The rise in European bond yields is alarming some economists, who warn that Italy and Greece in particular do not have much wiggle room before their debt servicing burden starts rising, rekindling memories of the 2011-2012 euro debt crisis.
Just five months into the year and even before the European Central Bank tightens policy, French and German 10-year debt yields are up over 120 basis points and set for their biggest annual surge since 1999 - the year the euro was born. Spanish, Italian and Portuguese yields are up more than 155 bps.
Higher yields are not confined to Europe - Janus Henderson predicts debt interest costs globally will rise by almost 15% this year compared with 2021. But the euro bloc, with some of the world’s most highly indebted sovereigns, is among the most vulnerable.
Indebtedness there has actually risen since the 2010-2012 crisis, when spiralling borrowing costs in Ireland and southern Europe threatened the very existence of the euro bloc, partly a result of the unexpected burden of the COVID-19 pandemic.
“If rates were to rise sharply for longer, we might well be facing Euro Crisis 2.0,” Deutsche Bank investment strategist Maximilian Uleer said.
Uleer said while interest costs had fallen since 2011, debt as a share of gross domestic product was higher, especially in countries that were at the epicentre of the 2011 crisis.
So if Italian 10-year bond yields were to rise by 2% next year, its interest burden relative to GDP would be back at 2011 levels by end-2025, Uleer estimates.
The process has already started. Yields on Italian seven-year bonds, which represent the country’s average debt maturity, are now at 2.65%, well above the average or implicit interest rate it has been paying, as estimated by the European Commission at 2.4%.
This matters because any new debt issued from now will likely raise the country’s interest payment costs.
French yields are also above the implicit interest rate, estimated at 1.1%, Spanish yields are close to the 2% implicit rate there. This last happened in 2011-2012, Pictet Asset Management noted.
For all that, debt sustainability is not an imminent risk.
Borrowing costs remain low by historical standards, while an average debt maturity of around seven years will shield most countries from near-term yield spikes.
Spain for instance needs to refinance only 15% of its debt this year, a Spanish Treasury official told Reuters, adding that the “deep mark” from the crisis had forced changes to debt portfolios, including by increasing debt maturities.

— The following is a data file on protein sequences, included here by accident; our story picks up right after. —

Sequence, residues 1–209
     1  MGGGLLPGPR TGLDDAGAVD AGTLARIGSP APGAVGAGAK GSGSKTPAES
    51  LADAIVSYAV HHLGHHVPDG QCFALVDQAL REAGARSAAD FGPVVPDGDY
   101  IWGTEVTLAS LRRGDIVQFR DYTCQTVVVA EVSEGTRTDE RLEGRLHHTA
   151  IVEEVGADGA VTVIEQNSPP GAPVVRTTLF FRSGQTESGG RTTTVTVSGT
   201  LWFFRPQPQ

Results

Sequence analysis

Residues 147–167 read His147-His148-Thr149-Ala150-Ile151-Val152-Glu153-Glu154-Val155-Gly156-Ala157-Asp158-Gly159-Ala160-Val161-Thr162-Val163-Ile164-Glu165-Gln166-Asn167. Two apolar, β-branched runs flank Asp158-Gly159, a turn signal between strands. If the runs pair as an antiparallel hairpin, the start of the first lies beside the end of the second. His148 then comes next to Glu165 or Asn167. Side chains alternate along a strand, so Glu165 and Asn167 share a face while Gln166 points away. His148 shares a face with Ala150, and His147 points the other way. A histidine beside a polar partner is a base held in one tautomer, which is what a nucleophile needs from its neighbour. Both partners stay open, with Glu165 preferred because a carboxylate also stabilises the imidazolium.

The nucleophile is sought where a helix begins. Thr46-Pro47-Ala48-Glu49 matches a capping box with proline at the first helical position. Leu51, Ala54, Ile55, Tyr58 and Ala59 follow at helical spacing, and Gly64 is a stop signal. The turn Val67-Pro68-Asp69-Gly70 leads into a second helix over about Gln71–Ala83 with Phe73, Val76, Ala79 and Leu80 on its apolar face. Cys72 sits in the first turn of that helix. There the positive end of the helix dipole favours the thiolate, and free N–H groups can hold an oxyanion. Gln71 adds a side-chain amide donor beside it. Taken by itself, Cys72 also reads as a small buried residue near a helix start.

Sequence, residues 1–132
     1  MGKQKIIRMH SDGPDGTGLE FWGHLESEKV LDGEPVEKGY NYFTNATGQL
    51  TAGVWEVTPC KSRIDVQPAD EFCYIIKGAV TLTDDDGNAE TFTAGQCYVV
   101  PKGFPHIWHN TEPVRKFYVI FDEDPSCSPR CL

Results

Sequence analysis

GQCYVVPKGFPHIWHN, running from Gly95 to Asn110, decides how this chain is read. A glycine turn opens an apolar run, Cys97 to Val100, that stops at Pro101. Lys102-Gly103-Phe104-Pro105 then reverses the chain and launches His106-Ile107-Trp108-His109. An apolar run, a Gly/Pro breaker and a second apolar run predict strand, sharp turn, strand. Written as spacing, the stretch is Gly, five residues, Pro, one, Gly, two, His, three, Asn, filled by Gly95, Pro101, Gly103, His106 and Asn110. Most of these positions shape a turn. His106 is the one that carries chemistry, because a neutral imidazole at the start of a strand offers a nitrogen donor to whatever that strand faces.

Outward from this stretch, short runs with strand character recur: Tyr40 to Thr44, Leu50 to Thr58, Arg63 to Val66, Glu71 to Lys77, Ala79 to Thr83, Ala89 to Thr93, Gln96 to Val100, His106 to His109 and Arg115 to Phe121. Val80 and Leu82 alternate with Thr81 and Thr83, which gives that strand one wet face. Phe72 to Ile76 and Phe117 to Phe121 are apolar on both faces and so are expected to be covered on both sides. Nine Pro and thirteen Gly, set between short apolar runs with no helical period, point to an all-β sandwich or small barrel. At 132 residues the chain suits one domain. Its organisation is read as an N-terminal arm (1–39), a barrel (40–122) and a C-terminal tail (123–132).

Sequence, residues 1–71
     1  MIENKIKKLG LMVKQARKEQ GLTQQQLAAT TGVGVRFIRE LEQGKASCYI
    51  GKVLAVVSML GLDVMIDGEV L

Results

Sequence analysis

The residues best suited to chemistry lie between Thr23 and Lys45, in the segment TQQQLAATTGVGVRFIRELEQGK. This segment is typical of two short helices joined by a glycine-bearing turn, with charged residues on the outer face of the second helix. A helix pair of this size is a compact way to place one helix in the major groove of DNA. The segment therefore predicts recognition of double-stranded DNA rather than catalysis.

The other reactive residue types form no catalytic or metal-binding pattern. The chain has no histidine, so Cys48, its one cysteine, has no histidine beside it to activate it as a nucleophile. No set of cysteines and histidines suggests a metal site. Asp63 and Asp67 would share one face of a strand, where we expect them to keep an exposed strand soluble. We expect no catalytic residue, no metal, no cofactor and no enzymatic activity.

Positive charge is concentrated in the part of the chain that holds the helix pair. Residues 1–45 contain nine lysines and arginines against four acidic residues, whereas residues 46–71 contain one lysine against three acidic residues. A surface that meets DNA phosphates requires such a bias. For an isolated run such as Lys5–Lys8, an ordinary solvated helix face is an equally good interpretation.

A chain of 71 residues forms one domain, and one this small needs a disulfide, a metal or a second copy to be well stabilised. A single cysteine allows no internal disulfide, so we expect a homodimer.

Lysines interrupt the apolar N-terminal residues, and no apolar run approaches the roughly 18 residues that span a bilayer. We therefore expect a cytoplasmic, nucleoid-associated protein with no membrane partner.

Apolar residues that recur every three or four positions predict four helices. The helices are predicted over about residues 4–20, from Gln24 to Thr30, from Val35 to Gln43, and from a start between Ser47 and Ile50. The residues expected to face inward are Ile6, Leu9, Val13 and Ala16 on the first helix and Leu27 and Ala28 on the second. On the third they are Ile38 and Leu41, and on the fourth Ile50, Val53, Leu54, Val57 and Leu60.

Even for Italy, the direct fiscal cost of rising rates “looks manageable” according to S&P Global European sovereign analyst Frank Gill.
Between January and end-April, Italy pre-financed two-thirds of its maximum full-year net borrowing target of 80 billion euros and at an average refinancing cost of 0.54%, Gill noted.
“The bigger risk is that higher rates start to drag on growth,” he said.
Rising debt is of particular concern, given growth threats; the International Monetary Fund sees the euro area economy expanding this year by just 2.8%, versus a previous 3.9% prediction.
“We need growth,” said Pictet Wealth Management fixed income strategist Laureline Renaud-Chatelain. “That’s a bit of a worry, as you have the ECB that will, maybe, raise rates even in a context where we have seen growth decelerating.” Unease has driven up the cost of insuring against a debt default in Italy, Spain and Portugal to the highest since November 2020 in the credit default swaps market.
Italy and Greece, with debt-to-GDP ratios of 150% and 200% respectively, up from around 120% and 175% in 2011, are in particular focus. Jim Leaviss, chief investment officer at M&G Investments for public fixed income, highlights as crucial the 3% level on Italian 10-year yields, breached recently for the first time since 2018.
“If yields stay above 3%, then you would expect the debt burden in Italy to start rising,” Leaviss said.
Goldman Sachs, meanwhile, calculates that a 50 bps rise in yields from current levels would put Italy’s debt-GDP ratio on a rising path from 2025 onwards.
In Greece, 10-year yields above 3% more than double the 1.6% weighted average cost of the debt profile estimated over 2022, Scope Ratings economist Dennis Shen said.
That means the average cost of servicing outstanding Greek debt is “for the first time in years increasing, rather than decreasing as the government refinances,” Shen added.—Reuters